Today, I hold in my head my refined model and I have in my hands my own map — admittedly still small and approximate compared to the expanse of the world, but of which I am proud — and equipped with this map, my journal, my ship, and my compass questions, I can fill my sails with curiosity and move forward through life in ways I never imagined possible.

In the end, knowledge is not an ornament, it is not about what we can recite or parrot in a mundane set-up, it is about connected and assimilated bits of information about us and the world that have the power to change a whole life for the better.

Conclusion - The Bloom

As I said, we cannot circumvent the problems in life. Let’s admit their presence and use the good tools and the knowledge at our disposal to tackle them with efficiency and serenity!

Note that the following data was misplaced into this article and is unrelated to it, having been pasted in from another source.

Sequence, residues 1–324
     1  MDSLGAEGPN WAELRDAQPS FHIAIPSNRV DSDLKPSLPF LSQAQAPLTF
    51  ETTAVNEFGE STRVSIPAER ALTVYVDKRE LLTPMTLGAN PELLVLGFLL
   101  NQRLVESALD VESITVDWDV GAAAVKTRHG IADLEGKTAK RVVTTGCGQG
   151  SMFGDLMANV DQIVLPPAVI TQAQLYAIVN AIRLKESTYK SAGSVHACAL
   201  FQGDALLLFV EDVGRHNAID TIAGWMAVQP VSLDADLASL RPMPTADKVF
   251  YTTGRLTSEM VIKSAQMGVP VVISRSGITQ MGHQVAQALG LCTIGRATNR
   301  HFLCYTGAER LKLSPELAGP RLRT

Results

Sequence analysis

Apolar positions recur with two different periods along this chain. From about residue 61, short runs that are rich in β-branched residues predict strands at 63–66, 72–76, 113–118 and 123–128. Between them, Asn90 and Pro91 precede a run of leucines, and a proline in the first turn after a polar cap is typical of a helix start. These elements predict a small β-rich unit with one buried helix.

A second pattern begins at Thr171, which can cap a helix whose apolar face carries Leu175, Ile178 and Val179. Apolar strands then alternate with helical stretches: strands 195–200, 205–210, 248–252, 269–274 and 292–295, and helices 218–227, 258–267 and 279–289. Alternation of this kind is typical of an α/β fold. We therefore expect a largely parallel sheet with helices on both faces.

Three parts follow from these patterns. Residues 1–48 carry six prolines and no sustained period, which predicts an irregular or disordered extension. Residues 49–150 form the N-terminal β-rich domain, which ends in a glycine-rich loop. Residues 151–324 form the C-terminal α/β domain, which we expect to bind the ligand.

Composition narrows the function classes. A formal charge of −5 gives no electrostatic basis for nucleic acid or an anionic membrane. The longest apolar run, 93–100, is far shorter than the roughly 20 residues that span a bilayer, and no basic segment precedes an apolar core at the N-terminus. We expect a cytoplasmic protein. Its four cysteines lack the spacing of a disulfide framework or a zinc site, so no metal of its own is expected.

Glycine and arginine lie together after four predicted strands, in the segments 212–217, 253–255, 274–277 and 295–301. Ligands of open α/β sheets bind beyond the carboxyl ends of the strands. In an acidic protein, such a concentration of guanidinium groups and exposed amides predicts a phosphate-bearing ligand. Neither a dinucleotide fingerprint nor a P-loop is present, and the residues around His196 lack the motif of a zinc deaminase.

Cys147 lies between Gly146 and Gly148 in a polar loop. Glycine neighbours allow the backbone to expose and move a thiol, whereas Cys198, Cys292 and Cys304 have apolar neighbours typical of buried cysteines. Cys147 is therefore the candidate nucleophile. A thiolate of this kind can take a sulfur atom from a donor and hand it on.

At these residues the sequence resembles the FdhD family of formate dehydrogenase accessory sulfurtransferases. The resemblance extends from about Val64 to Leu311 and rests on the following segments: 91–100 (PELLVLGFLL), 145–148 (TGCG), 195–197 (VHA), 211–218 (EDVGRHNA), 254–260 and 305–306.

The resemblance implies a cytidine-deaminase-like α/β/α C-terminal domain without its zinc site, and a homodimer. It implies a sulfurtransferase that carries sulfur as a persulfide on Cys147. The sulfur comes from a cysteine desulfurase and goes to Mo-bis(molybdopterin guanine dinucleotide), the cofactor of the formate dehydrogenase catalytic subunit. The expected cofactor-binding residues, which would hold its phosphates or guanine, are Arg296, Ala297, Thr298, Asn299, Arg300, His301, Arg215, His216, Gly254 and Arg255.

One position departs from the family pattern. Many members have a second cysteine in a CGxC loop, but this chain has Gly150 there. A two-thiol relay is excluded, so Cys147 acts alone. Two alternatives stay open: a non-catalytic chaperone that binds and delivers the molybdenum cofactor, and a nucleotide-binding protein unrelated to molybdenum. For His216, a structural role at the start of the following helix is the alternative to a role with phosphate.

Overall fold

I hope this short introduction offers you a good start to engage in curiosity and to tackle your problems with a new proactive mindset and a whole new set of equipment!

At the end of the day, the best thing with what I’ve talked about in this article is that each step of building enchanting knowledge and your ship of tools can be wonderful; each step passing through the joy of (self-)reflection and the pleasure of application can be freeing. We have a whole world to explore, why not take advantage of it?